The Scene In The Wake Of A Much-Weakened Hurricane
MICHEL MARTIN, HOST:
We want to bring you up to date on what we know about Hurricane Patricia. On Friday, the storm became the strongest hurricane ever recorded in the Western Hemisphere. It hit the Mexican coast last night with sustained winds of 165 miles per hour. But it quickly weakened as it made its way north, leaving nowhere near the catastrophic damage that many had feared. And so far, Mexican authorities say there are no reported deaths. NPR's Carrie Kahn is in Colima, near where the hurricane made landfall, and she's with us now. Seems like a big sigh of relief there, Carrie.
CARRIE KAHN, BYLINE: Most definitely, most definitely, Michel. And I'm in Colima, as you said. I'm in the town center, the square here, which is just beautiful, with a colonial-style kiosk in the park with wrought-iron benches and blue skies. And you would not know that the most powerful storm in the history of the Western Hemisphere just blew through here less than 24 hours ago. There's a little light rainfall and, you know, the roads we've been on, including the major toll roads, have all been cleared. And they are even free today as authorities are trying to facilitate easy travel for people who are trying to evacuate and for emergency vehicles. So it's a much different scene than what we had feared.
MARTIN: Has there been any damage?
KAHN: There's localized flooding. We saw some trees down on - and they say there's - on the coastal roads - there are few communities on the coast that are still incommunicado, so we don't really know. But, you know, what we've seen from coming from Guadalajara inland out to the mountain areas, no - nothing too bad. You know, this is - in the mountains is where they were really fearful that - there were predictions like 20 inches of rain could fall. But we didn't see that many landslides. We saw some isolated mudslides. We saw some roaring rivers with full trees going down it, but nothing like, as I said, that we were fearful of.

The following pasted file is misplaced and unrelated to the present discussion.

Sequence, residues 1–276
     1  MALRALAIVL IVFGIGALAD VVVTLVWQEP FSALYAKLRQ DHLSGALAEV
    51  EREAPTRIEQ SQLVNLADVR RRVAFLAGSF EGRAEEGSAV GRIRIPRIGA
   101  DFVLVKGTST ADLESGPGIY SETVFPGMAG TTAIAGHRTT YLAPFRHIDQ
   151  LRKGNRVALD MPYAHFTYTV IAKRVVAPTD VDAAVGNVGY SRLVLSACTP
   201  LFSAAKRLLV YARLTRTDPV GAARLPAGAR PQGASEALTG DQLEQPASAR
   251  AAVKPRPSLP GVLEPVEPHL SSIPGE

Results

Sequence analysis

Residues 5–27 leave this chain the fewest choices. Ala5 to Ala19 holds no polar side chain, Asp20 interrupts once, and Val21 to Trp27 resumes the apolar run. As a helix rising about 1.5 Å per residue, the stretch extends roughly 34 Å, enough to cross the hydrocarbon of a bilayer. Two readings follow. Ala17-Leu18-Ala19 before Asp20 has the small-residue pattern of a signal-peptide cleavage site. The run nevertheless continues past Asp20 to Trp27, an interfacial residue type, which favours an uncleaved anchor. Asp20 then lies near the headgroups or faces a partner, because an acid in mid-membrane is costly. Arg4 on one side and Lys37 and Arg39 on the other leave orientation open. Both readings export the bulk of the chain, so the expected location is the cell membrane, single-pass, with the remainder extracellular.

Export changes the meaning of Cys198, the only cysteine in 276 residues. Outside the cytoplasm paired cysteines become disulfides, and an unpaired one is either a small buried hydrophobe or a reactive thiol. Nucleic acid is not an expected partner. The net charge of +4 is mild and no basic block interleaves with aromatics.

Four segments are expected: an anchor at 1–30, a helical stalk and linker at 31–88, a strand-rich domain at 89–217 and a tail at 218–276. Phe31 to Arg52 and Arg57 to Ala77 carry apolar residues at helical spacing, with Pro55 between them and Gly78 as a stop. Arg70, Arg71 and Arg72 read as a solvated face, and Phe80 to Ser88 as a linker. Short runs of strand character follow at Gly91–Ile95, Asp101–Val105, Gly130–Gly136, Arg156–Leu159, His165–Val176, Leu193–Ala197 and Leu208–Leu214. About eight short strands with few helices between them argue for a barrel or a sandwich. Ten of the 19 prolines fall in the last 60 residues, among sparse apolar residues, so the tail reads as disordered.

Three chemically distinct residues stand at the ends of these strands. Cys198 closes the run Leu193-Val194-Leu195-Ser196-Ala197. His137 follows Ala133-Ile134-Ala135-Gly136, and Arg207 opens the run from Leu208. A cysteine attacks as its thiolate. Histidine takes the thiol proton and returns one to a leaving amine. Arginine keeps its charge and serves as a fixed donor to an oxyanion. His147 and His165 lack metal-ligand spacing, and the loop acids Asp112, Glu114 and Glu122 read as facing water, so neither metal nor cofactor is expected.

MARTIN: Are people out and about other than reporters like you trying to tell us what's going on there? Is anybody doing their thing, and what are people saying about it?
KAHN: Most definitely people are out. We stopped at a shopping mall outside of Guadalajara, which is really far from where the hurricane hit. And people were at their businesses, and they were taking off protective tape and plastic bags that they had put up. They had moved all their merchandise and furniture away from windows. And people were getting back to normal. And I even asked one guy who was working at this furniture rental place, and I said was this all for naught, you know, all this fear of this big hurricane? He said well, it's better to take precautions than to regret it later. And he said there was no problem, that everybody really heeded the warnings from government officials and took all the precautions necessary.
MARTIN: Speaking of officials, I understand that the president of Mexico, Pena Nieto, has been out and about, visiting various towns in the region today. I just wonder though if there's any concern that because things were not as bad as feared that people won't take the next warning as seriously next time.
KAHN: The president already addressed the nation before and said, you know, we seem to have dodged a bullet but we can't let down our guard. I think they're mindful of that. That is always the concern of officials. But you saw those pictures of the hurricane barreling down toward western Mexico at a Category 5. I don't think anybody's going to fault them for the precautions that they took, and they're actually getting high marks, which is good news for this administration, which in two past hurricanes did not get very many high marks for its precautionary and rescue efforts.
MARTIN: That's NPR's Carrie Kahn in Colima. Thanks Carrie.
KAHN: You're more than welcome. Thank you.
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